Markham writes about how she came to hunt with the Masai tribe as a child in Africa, and how she came to love and train horses (when there were no other women doing it), and how she came to fly planes (when hardly anyone, let alone women, was doing it), but she dwells not at all on her personal relationships or feelings, which for the curious reader should provide context and explanation of Markham's unusual talent and viewpoint.
She writes more about the moody, wise, indifferent nature of Africa than she writes about her own feelings. We have no idea, for instance, what it felt like when her mother left Markham and her father to return to England when Markham was four years old. You don't even know from West with the Night that Markham's father practically forced her into marrying an older man at the age of 17 because her father was moving and didn't know what else to do with her. These events undoubtedly shaped Markham's courage and ambition, but West with the Night doesn't tell us how.
West with the Night is the end result of some strange fomentation within the person of Markham. She writes without arrogance and with plenty of humor about all of her 'firsts.' To Markham, they were simply good ideas. She cared nothing for, or even seemed to think about at all, what other people thought of her. She moved in circles that other women never entered, and was treated as one of the boys. In making life decisions, like the decision to move to Britain, for instance, she was pointed solely by the needle of her own compass. She was happy flying and scouting game in Africa, but wondered what she might be missing. So she moved. Apparently, men followed her. I admit to my morbid curiosity on this point, and I may read Circling the Sun for McClain's take on the other parts of Markham's life.
On the other hand, I may not read it. Markham's critics accuse her of not writing her own memoir (it's too good, they say, to be written by her), and of being a home-wrecker. Her critics look for opportunities to criticize her, for of course she is too unbelievable to escape jealousy. Our curiosity about Markham's personal life shares also this unbelieving desire to justify, to show how the rest of us may have gotten from Point A to Markham's Point Z if only we'd been born into similar circumstances. Really, all you need to know is that she did these things, in spite of fear, and did them well. She was luminous and rare. You can sit back and be inspired by her story without having to justify, explain, or otherwise take away from its magnificence by delving into a personal life she preferred to leave private.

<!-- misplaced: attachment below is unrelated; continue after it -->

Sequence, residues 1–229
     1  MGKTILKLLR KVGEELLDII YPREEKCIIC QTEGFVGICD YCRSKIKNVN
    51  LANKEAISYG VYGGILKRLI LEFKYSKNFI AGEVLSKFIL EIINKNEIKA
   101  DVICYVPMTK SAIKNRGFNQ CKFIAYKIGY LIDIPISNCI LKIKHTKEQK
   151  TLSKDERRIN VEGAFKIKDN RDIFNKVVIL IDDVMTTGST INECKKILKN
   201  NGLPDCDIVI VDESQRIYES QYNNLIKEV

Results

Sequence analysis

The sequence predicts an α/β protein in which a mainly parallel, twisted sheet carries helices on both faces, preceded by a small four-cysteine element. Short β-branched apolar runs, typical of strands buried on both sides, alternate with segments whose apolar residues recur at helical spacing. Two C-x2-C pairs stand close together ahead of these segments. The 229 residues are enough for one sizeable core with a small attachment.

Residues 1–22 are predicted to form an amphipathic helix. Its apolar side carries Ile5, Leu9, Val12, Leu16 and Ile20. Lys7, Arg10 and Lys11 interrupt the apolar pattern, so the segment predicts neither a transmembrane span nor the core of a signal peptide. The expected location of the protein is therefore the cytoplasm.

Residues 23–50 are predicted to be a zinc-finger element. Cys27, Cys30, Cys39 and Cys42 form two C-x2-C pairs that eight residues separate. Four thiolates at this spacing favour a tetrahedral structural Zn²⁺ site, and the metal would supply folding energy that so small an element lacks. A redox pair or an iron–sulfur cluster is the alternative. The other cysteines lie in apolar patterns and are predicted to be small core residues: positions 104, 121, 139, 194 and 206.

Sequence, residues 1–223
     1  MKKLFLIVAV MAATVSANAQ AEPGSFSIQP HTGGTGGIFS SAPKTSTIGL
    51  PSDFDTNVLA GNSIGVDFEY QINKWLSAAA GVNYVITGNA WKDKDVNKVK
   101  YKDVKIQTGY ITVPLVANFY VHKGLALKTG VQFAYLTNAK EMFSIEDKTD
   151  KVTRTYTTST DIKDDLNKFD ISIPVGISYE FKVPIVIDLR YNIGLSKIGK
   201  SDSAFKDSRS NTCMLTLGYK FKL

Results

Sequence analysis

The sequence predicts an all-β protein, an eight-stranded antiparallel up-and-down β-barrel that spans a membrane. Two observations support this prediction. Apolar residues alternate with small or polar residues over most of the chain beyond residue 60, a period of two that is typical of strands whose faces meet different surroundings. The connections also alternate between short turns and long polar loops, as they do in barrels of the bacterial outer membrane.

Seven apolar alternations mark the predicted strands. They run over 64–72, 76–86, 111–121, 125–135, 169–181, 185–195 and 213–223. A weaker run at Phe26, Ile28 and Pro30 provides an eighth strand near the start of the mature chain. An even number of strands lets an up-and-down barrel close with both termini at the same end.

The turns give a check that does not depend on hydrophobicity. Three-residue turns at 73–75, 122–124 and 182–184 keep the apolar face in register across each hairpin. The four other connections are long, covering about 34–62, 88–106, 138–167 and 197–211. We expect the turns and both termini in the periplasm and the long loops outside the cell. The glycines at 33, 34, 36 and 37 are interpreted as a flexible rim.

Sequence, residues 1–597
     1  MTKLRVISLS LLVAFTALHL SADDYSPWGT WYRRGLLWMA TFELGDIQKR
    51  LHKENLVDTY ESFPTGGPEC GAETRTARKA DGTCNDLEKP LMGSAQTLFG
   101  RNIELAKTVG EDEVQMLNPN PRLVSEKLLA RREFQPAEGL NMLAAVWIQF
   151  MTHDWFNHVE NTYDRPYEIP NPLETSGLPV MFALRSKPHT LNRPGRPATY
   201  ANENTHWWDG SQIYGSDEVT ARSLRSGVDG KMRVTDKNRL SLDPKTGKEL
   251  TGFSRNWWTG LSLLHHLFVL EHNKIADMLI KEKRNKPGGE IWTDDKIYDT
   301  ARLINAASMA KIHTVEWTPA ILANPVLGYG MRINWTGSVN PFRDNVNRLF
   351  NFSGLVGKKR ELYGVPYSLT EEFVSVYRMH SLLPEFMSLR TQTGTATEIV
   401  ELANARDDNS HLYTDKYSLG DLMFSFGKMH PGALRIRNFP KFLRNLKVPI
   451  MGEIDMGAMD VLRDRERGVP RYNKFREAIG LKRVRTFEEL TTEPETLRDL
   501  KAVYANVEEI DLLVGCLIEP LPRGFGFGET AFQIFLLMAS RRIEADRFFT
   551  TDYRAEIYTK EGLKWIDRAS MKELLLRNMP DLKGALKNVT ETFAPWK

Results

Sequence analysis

This is NOT a memoir; more a series of vignettes that Markham put together from her memory which she announces from the beginning that is extremely hard to recover accurately. Reprinted when she was in her 80s, it became a best seller. The original printing was received well, but not nearly so well as when she was rediscovered. It didn't help that many believe she was not the "real" author; she never wrote anything else that came close to the beautiful prose exhibited here.
Praised by Hemingway, who evidently envied her writing skills, fame faded away from this woman whose personality was forbidding (except for her lovers, one presumes) and enigmatic. Not one word about her somewhat unconventional life is present in this volume, but her deep and abiding love for Africa is evident throughout. Worth reading for its use of language and evocative images, don't look for her to reveal the private details of a life that must have been fascinating.